In July 2013, the last coalition government, led by David Cameron and Nick Clegg, introduced charges of up to £1,200 for individuals who wanted and needed to take their case to an employment tribunal.
It appears that this is just part of a relentless Conservative attack on the
ability of ordinary working people to be supported and represented in the
workplace – especially when things go wrong.
It is clear that these charges have become a significant barrier to securing
justice where people have been treated unfairly and improperly. The
introduction of these employment tribunal fees has seen the number of new cases
In the six months up to March 2014, new cases were down 62% on the same
period in 2012-13; cases involving unfair dismissal were down by 64%, those
involving alleged sex discrimination by 80%, and those relating to equal pay by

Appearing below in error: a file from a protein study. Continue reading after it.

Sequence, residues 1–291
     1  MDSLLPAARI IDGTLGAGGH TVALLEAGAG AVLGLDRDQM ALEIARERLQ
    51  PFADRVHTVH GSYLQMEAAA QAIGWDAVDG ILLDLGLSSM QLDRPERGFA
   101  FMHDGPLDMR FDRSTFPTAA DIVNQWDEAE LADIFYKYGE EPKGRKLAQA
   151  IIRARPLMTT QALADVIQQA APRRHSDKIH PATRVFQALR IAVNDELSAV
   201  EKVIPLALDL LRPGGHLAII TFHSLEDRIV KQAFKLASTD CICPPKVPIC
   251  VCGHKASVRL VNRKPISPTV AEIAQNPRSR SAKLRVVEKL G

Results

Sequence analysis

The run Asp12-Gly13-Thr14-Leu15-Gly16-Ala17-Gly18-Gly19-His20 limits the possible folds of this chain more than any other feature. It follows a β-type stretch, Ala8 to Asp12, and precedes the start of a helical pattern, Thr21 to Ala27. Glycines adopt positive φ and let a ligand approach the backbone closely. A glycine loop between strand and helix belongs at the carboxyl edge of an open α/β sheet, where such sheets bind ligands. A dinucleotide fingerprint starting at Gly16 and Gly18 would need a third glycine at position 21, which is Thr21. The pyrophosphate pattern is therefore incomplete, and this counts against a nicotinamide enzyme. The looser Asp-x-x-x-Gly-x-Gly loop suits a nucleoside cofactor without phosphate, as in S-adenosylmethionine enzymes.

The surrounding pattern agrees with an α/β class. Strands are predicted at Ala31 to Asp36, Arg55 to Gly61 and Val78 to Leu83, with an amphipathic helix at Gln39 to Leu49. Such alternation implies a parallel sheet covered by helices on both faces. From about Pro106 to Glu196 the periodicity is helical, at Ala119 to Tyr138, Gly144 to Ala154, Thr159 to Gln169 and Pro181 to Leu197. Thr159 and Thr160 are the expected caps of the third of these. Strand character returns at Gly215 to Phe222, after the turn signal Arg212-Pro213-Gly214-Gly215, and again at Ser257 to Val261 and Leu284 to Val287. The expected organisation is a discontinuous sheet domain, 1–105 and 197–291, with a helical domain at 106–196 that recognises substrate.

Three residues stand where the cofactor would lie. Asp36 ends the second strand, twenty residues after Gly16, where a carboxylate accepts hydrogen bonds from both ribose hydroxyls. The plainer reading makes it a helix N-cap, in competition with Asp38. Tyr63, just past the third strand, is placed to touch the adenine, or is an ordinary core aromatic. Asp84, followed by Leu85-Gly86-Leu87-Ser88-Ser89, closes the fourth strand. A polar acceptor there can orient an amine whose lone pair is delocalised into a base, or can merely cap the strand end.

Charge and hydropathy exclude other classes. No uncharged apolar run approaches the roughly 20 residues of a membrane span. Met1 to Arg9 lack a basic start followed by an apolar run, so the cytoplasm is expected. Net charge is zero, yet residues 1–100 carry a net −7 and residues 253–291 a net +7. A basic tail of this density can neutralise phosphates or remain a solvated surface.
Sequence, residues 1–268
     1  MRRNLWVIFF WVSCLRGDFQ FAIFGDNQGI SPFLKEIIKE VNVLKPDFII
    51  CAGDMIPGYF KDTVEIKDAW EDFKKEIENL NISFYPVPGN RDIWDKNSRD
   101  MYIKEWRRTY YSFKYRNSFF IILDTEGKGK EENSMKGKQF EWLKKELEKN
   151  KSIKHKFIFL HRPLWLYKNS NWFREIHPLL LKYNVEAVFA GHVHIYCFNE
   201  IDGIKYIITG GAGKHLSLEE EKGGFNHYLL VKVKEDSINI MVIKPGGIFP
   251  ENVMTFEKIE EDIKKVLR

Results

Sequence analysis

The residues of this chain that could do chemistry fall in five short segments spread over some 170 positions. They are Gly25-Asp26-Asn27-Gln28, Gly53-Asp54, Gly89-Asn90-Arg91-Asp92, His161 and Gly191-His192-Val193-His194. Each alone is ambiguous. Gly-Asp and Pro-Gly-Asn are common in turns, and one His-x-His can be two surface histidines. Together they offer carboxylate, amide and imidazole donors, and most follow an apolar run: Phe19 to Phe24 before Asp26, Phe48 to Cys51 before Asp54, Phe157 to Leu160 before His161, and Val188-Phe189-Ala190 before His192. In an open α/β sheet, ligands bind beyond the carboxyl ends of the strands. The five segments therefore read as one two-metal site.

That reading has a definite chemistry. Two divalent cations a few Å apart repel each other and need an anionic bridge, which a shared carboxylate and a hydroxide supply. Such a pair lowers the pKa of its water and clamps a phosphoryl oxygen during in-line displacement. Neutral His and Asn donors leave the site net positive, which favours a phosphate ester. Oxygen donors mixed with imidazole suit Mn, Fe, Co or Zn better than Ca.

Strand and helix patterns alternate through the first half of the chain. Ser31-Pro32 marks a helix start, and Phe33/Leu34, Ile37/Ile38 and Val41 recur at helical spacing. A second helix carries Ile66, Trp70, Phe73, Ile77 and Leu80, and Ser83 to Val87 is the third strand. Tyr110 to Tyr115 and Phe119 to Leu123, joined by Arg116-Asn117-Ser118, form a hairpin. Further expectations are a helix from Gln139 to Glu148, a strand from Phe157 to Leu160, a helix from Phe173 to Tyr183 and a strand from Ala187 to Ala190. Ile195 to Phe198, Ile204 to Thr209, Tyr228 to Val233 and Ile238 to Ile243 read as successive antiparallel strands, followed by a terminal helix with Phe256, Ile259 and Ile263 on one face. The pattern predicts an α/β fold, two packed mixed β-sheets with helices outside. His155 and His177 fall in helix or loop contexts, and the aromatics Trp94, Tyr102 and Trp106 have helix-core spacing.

84%. They haven’t recovered since with the number of new cases in the last two
quarters of 2014-15 down 69% on the same period two years ago.
Recent statistics also show that fewer than one in five applications for
employment tribunal fee reductions are successful. Less than 4,000 of the
21,000 cases, where fees were required, were awarded a full or partial
remission in 2014/15.
When giving evidence to the Justice Select Committee in July, the
Conservative Justice Secretary Michael Gove said that “a simple reduction
in the numbers of people going to employment tribunals is not in itself proof
that there’s been any injustice visited on anyone.” He added “….. there
is no evidence yet that the bar being set at a high level has meant that
meritorious claims by people who feel they’ve been discriminated against aren’t
being heard.” That is not a view shared by those now being denied justice.
I think the employment tribunal system does need reform so that workers have
access to justice, employers get a quick resolution, and the costs are
controlled. Following much pressure, the government has now announced a review
into these fees.
If you have been affected, or you have ideas for improvement, please let me